The Relationship Between Newborn Hypoglycemia Screening and Exclusive Breastfeeding at Hospital Discharge
by Anne Eglash MD, IBCLC, FABM
Does newborn hypoglycemia screening increase the likelihood of supplementation?
The American Academy of Pediatrics, the Academy of Breastfeeding Medicine, the Canadian Paediatric Society and other major health organizations recommend newborn hypoglycemia screening based on risk factors, the most common being birth parent with diabetes, preterm birth, and small or large for gestational age (SGA, LGA). Studies on the neurocognitive outcomes among newborns exposed to transient (not severe or prolonged) hypoglycemia are mixed, with a most recent large study showing no negative neurocognitive outcomes at later ages.
According to the authors of this week’s study, there are downsides to newborn hypoglycemia screening including a delay in breastfeeding while waiting for test results, infant pain, and parental anxiety about feeding inadequacy. Although it has been assumed that newborn hypoglycemia screening has a negative impact on exclusive breastfeeding rates, the evidence has not been strong, so the authors of this study sought to compare exclusive breastfeeding rates at 24 hours in unscreened newborns with those of euglycemic newborns screened for hypoglycemia.
This is a retrospective cohort study of 10,965 healthy newborns between Feb 2018 and June 2018 at Hospital Montfort in Ottawa. The hospital performed routine hypoglycemia screening among infants of diabetic birthing parents, LGA, SGA, and infants with clinical signs such as jitteriness. ‘Inadequate breastfeeding’ was also considered a risk factor for hypoglycemia. The study compared exclusive breastfeeding rates at 24 hours among newborns who underwent hypoglycemia screening vs those who didn’t, and excluded all newborns who were diagnosed with hypoglycemia and treated.
The researchers found, as expected, that the newborns who underwent hypoglycemia screening were more likely to have a birthing parent with diabetes, to be premature, LGA or SGA, as compared to those who did not undergo screening.
Despite having normal blood sugars, 28.6% of screened newborns were exclusively breastfeeding at 24 hours as compared to 42.8% of unscreened newborns.
What else? See the question!
- The most common reason for a full 24 hours of hypoglycemia screening was LGA status.
- The newborns who underwent a full 24 hours of hypoglycemia screening had lower exclusive breastfeeding rates than newborns who underwent 12 hours of hypoglycemia screening.
- The decreased exclusive breastfeeding rate among screened newborns was similar regardless of the reason for screening.
See the Answer
There has been limited investigation of the unintended effects of routine screening for asymptomatic hypoglycemia in at-risk newborns. This study aimed to explore whether rates of exclusive breastfeeding were lower in screened babies than in unscreened babies.
This retrospective cohort study conducted in Ottawa, Canada, used data from Hôpital Montfort’s electronic health information system. Healthy singleton newborns discharged between Feb. 1, 2014, and June 30, 2018, were included. We excluded babies and mothers with conditions expected to interfere with breastfeeding (e.g., twins). We investigated the association between postnatal screening for hypoglycemia and initial exclusive breastfeeding (in the first 24 hours of life).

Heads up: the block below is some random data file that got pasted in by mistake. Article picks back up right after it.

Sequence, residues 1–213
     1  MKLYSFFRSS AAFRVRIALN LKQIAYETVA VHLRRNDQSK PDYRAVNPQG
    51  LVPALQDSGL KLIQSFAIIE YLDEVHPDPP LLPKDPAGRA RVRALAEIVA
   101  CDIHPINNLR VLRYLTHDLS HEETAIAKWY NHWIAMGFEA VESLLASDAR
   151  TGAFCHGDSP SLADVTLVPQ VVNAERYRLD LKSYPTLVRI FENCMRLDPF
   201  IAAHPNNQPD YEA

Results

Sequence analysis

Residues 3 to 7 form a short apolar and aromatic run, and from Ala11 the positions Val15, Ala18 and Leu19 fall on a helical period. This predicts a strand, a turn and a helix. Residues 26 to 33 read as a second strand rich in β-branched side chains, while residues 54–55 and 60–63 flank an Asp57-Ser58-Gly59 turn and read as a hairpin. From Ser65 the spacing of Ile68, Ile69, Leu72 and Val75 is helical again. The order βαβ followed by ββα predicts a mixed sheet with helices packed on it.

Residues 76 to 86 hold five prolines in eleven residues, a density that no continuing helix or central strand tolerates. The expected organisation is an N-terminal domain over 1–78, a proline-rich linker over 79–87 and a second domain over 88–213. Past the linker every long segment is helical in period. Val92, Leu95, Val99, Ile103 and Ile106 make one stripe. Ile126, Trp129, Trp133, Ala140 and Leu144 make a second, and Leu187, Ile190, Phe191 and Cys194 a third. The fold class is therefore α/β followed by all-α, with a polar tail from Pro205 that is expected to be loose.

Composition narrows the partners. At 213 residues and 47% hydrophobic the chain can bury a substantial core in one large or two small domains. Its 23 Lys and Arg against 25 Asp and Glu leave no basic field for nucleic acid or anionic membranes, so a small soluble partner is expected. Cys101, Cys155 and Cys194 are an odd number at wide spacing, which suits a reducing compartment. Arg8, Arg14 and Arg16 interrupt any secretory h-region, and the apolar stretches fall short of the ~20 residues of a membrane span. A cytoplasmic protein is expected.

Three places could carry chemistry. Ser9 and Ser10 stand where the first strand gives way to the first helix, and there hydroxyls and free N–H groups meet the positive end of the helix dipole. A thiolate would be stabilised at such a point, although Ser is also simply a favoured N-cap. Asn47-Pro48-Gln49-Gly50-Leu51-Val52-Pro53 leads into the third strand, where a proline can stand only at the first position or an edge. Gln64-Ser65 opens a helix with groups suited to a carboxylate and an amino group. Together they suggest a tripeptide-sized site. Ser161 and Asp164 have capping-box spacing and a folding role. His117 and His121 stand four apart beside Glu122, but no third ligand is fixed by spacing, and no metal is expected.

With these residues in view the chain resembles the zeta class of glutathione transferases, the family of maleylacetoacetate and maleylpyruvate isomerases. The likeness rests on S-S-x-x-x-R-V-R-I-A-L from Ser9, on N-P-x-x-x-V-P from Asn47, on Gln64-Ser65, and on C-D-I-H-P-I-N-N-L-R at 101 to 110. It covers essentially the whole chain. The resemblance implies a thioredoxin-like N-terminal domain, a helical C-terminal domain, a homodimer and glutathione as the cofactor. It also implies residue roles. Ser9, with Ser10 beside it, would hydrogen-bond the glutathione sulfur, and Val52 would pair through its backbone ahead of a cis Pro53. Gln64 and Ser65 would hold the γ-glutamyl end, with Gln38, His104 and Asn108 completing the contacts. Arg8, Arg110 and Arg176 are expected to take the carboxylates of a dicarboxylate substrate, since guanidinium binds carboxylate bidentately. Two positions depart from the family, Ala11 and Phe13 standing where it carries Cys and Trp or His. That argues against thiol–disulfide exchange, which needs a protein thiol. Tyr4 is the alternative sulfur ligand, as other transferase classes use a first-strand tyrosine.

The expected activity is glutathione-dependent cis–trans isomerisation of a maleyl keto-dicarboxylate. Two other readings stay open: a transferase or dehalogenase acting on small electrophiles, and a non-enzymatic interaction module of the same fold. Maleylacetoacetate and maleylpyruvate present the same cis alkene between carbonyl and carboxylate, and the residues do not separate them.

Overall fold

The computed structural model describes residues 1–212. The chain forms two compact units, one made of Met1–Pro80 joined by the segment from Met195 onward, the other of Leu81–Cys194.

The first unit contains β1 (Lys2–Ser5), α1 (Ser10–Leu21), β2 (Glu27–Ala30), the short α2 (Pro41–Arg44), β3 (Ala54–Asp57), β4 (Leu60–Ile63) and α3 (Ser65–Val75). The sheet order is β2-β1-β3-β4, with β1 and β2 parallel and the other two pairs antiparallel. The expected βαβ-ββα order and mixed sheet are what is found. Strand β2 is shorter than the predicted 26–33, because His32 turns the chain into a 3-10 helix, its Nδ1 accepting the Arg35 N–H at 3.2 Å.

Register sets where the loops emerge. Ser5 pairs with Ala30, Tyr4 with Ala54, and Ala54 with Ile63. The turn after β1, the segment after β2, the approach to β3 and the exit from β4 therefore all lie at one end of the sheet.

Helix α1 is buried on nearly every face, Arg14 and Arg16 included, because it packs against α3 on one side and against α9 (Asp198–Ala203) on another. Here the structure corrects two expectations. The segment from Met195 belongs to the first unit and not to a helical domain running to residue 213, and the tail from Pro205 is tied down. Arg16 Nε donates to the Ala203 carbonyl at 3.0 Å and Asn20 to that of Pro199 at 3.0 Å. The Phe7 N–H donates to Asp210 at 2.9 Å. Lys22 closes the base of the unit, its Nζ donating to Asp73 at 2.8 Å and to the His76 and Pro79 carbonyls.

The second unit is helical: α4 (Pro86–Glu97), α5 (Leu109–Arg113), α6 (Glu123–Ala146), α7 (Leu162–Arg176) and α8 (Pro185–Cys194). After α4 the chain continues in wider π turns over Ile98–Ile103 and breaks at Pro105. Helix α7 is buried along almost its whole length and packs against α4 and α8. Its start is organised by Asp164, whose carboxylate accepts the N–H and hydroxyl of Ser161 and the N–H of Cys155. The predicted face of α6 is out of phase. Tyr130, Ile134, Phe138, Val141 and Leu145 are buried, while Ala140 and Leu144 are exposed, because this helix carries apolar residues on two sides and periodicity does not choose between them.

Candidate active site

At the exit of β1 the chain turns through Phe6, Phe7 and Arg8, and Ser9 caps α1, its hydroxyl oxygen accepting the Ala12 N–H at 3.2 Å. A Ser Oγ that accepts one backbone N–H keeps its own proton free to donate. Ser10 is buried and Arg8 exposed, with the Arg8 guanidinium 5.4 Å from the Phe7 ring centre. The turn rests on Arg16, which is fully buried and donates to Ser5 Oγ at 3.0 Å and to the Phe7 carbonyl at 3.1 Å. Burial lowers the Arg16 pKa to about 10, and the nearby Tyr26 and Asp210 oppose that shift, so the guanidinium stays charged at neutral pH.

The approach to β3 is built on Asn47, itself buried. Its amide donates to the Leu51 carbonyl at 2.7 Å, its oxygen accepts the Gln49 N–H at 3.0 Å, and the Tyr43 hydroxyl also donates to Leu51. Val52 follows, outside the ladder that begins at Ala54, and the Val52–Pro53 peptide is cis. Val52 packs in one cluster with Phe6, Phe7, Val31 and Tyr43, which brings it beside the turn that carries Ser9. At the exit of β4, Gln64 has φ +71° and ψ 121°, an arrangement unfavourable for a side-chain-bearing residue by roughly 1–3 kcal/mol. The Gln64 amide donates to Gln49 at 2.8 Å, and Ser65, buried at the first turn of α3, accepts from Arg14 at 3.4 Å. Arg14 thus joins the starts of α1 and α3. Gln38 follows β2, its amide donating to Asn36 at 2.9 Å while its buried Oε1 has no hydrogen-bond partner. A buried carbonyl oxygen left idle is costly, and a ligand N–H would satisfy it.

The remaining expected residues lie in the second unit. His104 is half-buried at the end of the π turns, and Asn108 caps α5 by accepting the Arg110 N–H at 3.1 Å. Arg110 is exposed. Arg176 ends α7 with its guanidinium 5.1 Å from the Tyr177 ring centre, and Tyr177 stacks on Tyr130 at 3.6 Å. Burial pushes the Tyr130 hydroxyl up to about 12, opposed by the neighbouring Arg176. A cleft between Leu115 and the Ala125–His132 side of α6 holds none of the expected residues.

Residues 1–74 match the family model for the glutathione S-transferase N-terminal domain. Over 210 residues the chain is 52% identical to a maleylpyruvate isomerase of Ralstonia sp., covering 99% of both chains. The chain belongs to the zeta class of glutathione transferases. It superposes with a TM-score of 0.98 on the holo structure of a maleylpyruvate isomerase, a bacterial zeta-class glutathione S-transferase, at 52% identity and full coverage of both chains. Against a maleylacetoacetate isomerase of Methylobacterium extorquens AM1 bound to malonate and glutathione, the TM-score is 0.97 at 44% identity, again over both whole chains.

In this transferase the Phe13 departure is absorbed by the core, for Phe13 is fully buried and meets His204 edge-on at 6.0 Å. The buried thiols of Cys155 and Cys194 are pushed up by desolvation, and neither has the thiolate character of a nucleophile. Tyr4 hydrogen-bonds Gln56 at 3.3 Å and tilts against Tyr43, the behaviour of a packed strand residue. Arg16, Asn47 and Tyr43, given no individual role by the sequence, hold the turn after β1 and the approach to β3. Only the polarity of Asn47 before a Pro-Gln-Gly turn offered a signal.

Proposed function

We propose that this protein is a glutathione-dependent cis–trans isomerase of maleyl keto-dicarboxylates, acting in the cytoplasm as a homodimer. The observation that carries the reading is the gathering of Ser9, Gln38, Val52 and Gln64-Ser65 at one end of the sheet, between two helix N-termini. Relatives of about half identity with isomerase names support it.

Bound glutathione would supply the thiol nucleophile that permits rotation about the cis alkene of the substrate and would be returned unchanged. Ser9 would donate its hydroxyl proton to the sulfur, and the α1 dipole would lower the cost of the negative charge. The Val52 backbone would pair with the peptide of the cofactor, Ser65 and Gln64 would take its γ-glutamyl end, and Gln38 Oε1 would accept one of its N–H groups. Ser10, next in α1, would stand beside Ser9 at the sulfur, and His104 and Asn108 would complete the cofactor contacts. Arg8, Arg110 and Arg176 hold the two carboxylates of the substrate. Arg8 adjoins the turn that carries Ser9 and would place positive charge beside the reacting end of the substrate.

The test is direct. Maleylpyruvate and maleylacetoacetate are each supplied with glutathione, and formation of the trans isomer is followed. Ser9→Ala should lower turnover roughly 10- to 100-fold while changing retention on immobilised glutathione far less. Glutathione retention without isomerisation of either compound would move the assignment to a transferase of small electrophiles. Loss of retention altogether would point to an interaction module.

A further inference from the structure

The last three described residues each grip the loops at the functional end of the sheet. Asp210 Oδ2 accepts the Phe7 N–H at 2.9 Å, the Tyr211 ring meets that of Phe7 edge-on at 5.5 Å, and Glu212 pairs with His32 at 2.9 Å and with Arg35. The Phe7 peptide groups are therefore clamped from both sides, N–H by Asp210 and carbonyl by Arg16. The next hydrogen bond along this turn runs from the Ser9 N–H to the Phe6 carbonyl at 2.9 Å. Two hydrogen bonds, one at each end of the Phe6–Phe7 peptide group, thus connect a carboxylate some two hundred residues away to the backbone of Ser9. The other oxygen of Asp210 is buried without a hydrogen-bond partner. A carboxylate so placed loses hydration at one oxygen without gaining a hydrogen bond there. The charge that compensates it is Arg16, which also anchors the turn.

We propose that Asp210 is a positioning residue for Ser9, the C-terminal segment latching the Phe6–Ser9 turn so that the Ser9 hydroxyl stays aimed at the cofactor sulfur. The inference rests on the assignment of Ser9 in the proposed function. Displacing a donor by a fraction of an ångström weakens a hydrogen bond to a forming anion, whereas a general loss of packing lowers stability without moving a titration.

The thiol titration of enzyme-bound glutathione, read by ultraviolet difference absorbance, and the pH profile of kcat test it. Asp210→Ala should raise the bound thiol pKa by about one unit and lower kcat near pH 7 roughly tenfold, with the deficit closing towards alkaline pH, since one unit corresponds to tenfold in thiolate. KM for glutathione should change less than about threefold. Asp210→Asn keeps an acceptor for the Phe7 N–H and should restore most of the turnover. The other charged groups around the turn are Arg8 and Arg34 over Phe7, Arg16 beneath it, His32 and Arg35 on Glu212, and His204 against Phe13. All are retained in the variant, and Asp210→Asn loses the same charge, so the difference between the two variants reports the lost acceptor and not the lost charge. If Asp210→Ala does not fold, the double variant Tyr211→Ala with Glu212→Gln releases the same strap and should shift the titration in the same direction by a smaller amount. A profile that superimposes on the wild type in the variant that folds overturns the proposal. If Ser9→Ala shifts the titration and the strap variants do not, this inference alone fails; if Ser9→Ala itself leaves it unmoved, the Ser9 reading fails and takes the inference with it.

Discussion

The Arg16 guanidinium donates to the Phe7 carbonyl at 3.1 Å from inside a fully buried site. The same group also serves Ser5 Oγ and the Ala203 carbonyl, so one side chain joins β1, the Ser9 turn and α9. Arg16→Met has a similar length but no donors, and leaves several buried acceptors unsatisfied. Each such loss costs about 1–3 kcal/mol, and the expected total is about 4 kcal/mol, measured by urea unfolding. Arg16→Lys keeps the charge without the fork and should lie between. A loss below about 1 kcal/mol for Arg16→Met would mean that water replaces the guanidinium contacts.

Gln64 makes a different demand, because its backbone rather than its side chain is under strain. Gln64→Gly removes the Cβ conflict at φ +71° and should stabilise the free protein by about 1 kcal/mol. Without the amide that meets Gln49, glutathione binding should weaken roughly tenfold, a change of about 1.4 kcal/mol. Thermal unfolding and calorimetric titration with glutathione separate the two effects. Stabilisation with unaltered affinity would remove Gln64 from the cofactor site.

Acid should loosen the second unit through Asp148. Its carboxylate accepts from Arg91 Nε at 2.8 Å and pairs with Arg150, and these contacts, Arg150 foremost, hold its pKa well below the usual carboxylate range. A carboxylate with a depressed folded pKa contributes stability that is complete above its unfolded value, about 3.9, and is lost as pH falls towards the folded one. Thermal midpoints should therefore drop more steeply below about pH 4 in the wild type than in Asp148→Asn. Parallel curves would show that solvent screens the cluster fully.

We included 10 965 newborns; of these, 1952 (17.8%) were fully screened for hypoglycemia. Of screened newborns, 30.6% exclusively breastfed and 64.6% took both formula and breastmilk in the first 24 hours of life. Of unscreened newborns, 45.4% exclusively breastfed and 49.8% received both formula and breastmilk. The adjusted odds ratio for exclusive breastfeeding in the first 24 hours of life among newborns screened for hypoglycemia was 0.57 (95% confidence interval 0.51–0.64).
The association of routine newborn hypoglycemia screening with a lower initial rate of exclusive breastfeeding suggests a potential effect of screening on early breastfeeding success. Confirmation of these findings might warrant a re-evaluation of the net benefit of asymptomatic postnatal hypoglycemia screening for different newborn populations at risk of hypoglycemia.
This is a well-designed study that excluded newborns who were diagnosed with and treated for hypoglycemia, using the Canadian Paediatric Society Guidelines. More research is needed on the negative consequences of newborn hypoglycemia screening, given evidence that it increases the risk of mixed feeding in the first 24 hours. The dose response relationship between more screening (24 hours vs 12 hours) and less exclusive breastfeeding supports the theory that screening interrupts breastfeeding. The question is why. It is possible that families of high-risk infants were advised to supplement with formula to prevent hypoglycemia, especially if they were told that it would decrease the number of heel sticks.
There is no evidence regarding the ideal interval or duration of hypoglycemia screening. Given that longer duration of screening (24 vs 12 hours) increases the risk of mixed feeding, guidelines should consider decreasing the interval and duration of screening, particularly for at-risk infants who are nursing fine and who appear clinically well.